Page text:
I know its a small thing, and about the last thing that should be on my mind. I've spent the majority of my life with unpainted, bitten, chipped, hangnailed and otherwise unbecoming fingernails, so why stop now? When I got engaged to the love of my life this summer, complete with a ring that's a family heirloom and nicer than anything than anything I ever could have imagined owning let alone actually being given, I resolved that I really was, for the first time in my life, going to take care of my nails. I went out and had my first EVER manicure, (such luxury!), and dug out my nail polish that's been coagulating on itself for the past three to five years. It sort of went along with a decision that my life is going to be more together, that I'll stop for fifteen minutes once a week or so and do something solely for myself.
Sitting in class for three hours, I had plenty of time to pick apart the ragged half-moon cookies the remainder of last weeks polish had receded into. I'd wanted my fellow classmates to see me as professional, polished (no pun intended), a woman who has her life together. But really life swirls around me in a chaotic turmoil of cookie crumbs, unceasing noise, toys strewn across the floor, and exuberant energy turning to fall-on-the-floor tired in less than ten minutes flat.
I'm not a mother, but I still have two children. The first is my much younger sister, who got pregnant as soon as she went off to college by her high-school sweetheart. They got married, it didn't work, and she came to live with me. My second child is her son, now just over two years, smarter and cuter than any two-year old monster should be!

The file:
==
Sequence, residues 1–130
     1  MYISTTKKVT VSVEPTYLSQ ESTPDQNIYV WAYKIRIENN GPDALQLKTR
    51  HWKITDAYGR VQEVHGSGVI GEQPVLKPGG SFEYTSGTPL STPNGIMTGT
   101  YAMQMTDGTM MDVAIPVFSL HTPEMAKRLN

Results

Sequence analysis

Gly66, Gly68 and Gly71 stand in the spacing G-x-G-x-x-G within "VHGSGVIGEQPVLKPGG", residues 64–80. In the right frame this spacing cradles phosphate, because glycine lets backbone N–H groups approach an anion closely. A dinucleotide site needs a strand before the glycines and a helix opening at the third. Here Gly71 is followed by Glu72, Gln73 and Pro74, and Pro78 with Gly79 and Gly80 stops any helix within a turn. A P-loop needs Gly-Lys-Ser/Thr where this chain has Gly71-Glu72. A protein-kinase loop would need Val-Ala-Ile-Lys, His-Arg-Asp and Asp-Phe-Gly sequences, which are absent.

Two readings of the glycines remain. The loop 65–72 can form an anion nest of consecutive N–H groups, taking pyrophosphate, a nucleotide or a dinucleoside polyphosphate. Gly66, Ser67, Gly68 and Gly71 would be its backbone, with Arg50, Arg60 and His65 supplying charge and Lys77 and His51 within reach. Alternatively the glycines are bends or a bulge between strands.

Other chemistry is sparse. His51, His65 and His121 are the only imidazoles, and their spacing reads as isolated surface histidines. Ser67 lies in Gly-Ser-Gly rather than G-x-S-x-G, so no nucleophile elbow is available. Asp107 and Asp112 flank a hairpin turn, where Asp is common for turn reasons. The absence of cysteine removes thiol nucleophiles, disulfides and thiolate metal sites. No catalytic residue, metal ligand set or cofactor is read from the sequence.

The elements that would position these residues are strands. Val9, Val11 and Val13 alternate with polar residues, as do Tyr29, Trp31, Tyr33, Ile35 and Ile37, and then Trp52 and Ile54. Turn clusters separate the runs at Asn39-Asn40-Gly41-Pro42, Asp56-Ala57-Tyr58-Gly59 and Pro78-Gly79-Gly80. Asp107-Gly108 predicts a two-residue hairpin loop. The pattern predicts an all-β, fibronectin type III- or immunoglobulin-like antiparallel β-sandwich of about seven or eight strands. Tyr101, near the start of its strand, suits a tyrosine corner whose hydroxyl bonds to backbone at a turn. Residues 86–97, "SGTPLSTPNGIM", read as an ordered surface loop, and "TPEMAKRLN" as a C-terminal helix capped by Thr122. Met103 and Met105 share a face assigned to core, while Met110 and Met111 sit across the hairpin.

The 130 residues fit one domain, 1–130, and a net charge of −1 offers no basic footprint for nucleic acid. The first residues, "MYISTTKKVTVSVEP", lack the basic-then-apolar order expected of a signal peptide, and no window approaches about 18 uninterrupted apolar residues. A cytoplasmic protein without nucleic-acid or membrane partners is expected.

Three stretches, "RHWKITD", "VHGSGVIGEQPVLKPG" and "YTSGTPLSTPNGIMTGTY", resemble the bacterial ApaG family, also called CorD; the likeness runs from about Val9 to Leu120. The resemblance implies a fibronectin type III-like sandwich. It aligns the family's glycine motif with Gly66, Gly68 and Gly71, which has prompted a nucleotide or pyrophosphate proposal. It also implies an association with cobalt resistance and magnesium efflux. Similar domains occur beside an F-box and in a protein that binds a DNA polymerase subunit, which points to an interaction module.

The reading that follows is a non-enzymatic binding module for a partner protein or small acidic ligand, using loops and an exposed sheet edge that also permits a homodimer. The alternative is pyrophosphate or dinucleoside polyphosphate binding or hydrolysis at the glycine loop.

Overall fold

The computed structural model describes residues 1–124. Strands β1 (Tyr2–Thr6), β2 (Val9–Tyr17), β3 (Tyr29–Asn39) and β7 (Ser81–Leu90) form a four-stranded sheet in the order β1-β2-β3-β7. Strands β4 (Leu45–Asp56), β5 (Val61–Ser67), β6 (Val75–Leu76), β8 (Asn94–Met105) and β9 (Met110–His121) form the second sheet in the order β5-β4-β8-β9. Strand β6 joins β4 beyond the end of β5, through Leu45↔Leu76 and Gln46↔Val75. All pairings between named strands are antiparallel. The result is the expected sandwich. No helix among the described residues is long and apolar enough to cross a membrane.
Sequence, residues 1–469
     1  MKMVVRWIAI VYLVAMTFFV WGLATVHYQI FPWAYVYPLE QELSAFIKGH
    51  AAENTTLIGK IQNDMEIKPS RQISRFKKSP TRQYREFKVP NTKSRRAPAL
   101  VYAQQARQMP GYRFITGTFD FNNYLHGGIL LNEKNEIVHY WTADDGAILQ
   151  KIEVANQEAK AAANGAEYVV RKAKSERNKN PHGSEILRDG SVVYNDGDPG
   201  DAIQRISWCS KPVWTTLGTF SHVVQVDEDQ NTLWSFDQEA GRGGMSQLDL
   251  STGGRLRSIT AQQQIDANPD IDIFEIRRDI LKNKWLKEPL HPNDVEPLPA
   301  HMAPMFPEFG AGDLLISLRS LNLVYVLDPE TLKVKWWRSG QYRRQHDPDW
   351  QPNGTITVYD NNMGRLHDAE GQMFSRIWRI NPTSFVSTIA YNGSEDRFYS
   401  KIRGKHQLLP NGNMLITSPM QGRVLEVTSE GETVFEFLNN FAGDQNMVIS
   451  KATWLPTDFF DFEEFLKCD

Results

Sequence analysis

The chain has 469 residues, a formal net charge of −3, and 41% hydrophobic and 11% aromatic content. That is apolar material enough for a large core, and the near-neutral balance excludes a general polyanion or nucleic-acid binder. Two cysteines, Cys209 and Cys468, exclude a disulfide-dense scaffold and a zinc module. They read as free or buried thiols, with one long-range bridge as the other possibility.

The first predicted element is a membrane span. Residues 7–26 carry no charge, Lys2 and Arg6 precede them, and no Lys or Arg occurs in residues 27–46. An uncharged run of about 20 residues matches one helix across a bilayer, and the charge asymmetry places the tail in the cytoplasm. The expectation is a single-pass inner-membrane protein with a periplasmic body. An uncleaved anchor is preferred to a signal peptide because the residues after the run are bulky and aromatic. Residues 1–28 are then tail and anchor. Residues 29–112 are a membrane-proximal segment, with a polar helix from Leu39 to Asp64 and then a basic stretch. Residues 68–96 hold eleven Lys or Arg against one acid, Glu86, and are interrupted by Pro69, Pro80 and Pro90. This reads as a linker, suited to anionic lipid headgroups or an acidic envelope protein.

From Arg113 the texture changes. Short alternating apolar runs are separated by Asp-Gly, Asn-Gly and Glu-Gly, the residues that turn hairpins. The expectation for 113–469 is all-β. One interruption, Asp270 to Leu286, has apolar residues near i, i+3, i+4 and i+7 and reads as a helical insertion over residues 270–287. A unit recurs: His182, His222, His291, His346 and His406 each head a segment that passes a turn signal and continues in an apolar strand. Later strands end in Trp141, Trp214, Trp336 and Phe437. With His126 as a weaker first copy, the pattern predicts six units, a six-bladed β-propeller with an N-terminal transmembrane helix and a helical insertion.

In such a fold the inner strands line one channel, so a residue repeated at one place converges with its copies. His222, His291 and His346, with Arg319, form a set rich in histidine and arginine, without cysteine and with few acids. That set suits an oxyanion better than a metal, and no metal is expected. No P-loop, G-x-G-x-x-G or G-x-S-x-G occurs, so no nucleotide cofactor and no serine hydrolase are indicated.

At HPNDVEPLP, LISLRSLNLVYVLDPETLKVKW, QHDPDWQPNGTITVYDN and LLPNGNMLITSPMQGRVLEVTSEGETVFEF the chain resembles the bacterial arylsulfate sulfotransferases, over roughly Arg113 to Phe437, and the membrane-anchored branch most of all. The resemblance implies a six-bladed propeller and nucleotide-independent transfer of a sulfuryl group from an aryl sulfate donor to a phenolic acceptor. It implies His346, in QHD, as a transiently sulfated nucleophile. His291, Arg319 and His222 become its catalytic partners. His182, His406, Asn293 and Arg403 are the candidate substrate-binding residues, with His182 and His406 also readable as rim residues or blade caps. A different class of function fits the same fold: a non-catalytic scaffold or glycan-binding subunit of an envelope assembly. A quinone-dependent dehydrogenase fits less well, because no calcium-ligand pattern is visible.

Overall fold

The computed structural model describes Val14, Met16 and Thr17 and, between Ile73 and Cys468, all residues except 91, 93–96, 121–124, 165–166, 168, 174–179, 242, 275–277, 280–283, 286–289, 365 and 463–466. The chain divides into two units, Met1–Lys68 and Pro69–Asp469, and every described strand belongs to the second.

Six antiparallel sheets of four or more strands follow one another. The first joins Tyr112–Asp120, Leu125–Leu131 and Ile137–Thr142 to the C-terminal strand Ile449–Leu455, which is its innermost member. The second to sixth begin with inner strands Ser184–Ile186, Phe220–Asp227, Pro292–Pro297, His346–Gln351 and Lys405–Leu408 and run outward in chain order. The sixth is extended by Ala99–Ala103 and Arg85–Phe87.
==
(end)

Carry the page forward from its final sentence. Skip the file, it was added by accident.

|A Rare Moment of Calm|
I read somewhere recently, and I wish I could remember where, that society has no problem with the modern woman having both successful careers and families as long as they manage to still look good doing it. I wish! Whether we are real moms or just have kids at home, aunt-moms, sister-moms, grandma-moms, or Aunt Nana's (as I'm called), we betray the children in our lives in our appearance. Both what is there and what isn't, the smells of perfume or baby powder, jelly on our coats, dog hair on our shirts, the makeup we wear or don't have time to put on, the amount of children's toys at the bottoms of our purses, and, of course, the ragged and unpainted nails. Rather than the labels we are given, it is these small things about ourselves that constitute our identities. Instead of the hat I am currently wearing (parent, grad student, freelance writer, dog rescuer, cat lover, partner, confidante, sister, aunt, daughter), it is instead my faded and chipping nail polish that speaks volumes about my life, if anyone can spare the time to notice. Incidentally I just ran downstairs before publishing this post. My sister was drying her nail polish.